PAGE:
On an annual basis, Ventura County has been receiving $1.7 billion out of the yearly $675 billion in federal funding allocated nationwide every year based on the 2010 census. We quickly realized that there is no way that philanthropy or private investment could begin to mitigate the depth of pain our community would suffer if there was an undercount as projected.

As a reference, each person not counted in the 2020 Census has been estimated to equate to a loss of $2,000 per year for ten years, meaning a family of four not counted would be a loss of $80,000 in revenue for the residents of Ventura County. As was repeatedly emphasized, there are no do-overs in a decennial census and we knew the outcome of the 2020 Census would be with us for the next ten years.

Barriers to Overcome
As we learned more, we came to appreciate the substantial barriers to an accurate count in Ventura County that needed to be addressed. These included a lack of public awareness, a climate of fear among undocumented individuals, many of whom are our community’s farmworkers and vital service workers, targeted misinformation campaigns designed to promote an undercount in California, and the confusion caused by the citizenship question and who has a right to be counted. To be clear, since 1790, there has been a constitutional right in the United States to be counted, and everyone counts, not just citizens.

Other threats to an accurate count included the fact that there are many areas in Ventura County where over 60% of neighborhoods lack broadband access. This was especially problematic as 2020 marks the first time in history that the census moved online.

Even more concerning, was that the Federal Census Bureau study indicating Ventura County to be among the top most at-risk communities for an undercount, transpired prior to any of the numerous devastating disasters, including the Thomas Fire, Montecito Mudslides, the Hill and Woolsey Fires, and the Borderline tragedy.

Ventura County Complete Count Committee
In response to this quiet crisis, a group was formed to ensure a full, fair, and accurate count countywide. Together, we developed a countywide education and outreach plan with trusted messengers from all hard-to-count communities.

Leveraging the talents around the room, eight subcommittees were formed, and we quickly engaged in joint fundraising efforts to strengthen outreach activities and avoid duplication of efforts.
The State of California led the nation in its proactive approach to the threat of the undercount facing our state, and quickly mobilized funding to support our efforts. The County of Ventura made a sizable contribution and cities from across Ventura County stepped forward to help. Overall, the Ventura County Community Foundation invested over $2.7 million in grantmaking for outreach and marketing.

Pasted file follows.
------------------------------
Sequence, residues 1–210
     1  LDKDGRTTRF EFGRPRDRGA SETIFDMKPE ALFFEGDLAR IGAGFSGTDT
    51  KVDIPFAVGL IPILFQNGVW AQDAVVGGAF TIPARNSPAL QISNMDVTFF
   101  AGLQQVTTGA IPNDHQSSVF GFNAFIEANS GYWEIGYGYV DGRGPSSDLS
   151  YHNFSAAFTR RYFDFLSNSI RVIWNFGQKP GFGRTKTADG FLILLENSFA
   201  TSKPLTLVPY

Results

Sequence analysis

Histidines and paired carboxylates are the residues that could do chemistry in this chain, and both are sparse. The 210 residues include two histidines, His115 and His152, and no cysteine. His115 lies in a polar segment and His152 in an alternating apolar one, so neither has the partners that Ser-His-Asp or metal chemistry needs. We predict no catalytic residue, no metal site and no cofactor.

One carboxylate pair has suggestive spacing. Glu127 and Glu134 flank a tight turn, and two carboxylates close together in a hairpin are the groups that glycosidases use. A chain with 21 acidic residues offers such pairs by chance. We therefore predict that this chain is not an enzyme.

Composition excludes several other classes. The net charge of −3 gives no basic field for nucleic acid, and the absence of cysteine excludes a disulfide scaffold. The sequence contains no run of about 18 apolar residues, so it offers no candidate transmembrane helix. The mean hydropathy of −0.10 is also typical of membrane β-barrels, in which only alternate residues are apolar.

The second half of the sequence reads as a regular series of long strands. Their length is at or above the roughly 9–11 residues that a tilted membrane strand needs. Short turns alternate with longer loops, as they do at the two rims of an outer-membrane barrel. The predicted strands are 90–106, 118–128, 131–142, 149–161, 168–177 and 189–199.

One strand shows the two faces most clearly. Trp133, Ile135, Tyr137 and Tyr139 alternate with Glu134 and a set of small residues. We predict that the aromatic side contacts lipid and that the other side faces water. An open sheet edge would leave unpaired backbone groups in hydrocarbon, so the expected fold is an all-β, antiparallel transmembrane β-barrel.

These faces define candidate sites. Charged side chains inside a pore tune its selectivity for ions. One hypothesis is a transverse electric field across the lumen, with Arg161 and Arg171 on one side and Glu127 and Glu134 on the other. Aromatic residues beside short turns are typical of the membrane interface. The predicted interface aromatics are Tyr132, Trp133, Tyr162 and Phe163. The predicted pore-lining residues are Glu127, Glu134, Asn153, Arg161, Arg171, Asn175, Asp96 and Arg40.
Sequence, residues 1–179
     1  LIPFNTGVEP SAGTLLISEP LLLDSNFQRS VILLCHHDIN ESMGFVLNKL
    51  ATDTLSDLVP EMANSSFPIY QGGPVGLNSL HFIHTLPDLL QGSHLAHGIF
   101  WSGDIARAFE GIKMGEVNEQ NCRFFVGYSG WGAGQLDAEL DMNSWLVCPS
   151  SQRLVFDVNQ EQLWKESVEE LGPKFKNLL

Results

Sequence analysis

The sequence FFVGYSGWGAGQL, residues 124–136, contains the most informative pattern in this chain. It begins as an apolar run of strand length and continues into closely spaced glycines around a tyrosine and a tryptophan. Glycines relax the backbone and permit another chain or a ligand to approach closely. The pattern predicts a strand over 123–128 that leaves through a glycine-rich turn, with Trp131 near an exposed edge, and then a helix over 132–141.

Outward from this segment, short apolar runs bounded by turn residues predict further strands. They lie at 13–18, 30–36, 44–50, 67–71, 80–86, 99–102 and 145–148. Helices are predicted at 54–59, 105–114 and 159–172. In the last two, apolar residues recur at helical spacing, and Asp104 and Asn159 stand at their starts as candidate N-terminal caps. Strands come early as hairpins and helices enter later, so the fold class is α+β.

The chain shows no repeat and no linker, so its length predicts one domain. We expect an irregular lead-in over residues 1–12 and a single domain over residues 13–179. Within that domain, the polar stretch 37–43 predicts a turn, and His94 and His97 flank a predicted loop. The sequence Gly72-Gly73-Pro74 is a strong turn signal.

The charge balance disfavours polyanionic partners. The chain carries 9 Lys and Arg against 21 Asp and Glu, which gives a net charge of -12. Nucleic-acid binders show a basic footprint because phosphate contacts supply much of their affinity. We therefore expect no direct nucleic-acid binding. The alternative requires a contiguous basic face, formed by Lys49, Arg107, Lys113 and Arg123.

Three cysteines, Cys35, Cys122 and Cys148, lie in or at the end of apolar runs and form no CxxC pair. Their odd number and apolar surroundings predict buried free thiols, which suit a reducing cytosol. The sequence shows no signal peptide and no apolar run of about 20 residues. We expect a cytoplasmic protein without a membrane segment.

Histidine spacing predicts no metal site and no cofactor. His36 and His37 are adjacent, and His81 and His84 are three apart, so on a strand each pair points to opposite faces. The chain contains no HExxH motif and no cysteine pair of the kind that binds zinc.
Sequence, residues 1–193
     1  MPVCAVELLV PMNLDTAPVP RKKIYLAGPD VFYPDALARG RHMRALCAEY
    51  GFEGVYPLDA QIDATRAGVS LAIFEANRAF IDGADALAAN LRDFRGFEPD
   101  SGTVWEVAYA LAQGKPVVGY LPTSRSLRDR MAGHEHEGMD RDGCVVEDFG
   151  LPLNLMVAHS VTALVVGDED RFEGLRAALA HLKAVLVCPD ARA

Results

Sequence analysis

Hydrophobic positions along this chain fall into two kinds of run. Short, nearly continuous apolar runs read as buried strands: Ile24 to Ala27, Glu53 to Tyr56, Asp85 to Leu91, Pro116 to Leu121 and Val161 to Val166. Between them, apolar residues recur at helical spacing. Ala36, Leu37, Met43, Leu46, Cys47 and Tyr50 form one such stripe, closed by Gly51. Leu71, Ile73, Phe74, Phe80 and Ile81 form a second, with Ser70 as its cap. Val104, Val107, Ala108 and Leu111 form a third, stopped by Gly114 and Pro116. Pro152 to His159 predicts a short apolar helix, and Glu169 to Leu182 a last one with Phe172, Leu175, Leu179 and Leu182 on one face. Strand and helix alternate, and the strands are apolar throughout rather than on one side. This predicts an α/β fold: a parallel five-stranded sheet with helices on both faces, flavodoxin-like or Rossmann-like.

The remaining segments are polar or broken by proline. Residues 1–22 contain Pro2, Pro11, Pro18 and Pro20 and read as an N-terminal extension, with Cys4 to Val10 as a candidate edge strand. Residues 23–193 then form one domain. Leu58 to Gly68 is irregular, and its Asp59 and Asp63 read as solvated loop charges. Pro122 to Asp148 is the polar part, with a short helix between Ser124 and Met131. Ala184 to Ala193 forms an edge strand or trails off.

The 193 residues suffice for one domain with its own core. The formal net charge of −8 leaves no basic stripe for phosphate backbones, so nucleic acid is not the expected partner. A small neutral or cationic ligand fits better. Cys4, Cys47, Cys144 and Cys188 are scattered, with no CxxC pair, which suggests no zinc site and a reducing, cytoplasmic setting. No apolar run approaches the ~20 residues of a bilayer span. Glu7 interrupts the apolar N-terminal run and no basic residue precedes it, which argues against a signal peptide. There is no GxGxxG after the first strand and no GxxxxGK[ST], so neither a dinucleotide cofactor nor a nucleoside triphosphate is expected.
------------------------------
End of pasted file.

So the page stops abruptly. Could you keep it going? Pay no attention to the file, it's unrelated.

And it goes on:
When Ventura County was announced as 157th in the nation for an accurate count out of 3,215 counties, many asked how such a dramatic shift was possible. To go from being most at-risk of an undercount, to one of the very top for an accurate count, is exhilarating.

For what it is worth, my analysis is that this effort was successful because it was not a permission-based approach. We had a clear mission, “Everybody Counts. Everybody Matters,” and repeatedly stressed that people were free and encouraged to do all they could to advance our collective effort. This open approach resulted in creativity and vision that not one of us could have done alone. The fact that the Ventura County Complete Count Committee was a true snapshot of our whole community was paramount. The meetings were a collection of diverse perspectives, multiple languages, and purpose driven action.

Our subcommittee chairs were results-oriented, and we did all we could to incorporate census awareness activities everywhere. I loved that, for the most part, we did not have to reinvent the wheel, but could build on all of our shared resources and individual strengths.

Finally, thanks to the State of California and the County of Ventura, we had access to unbelievable technology and mapping power, helping us to strategically target our efforts and benchmark our results.

The Road Ahead
As we celebrate this important milestone, the benefits of what we accomplished together will continue. We have collectively built strategic alliances and organizational capacities that will live well beyond this effort. I for one, cannot wait to see what we tackle next!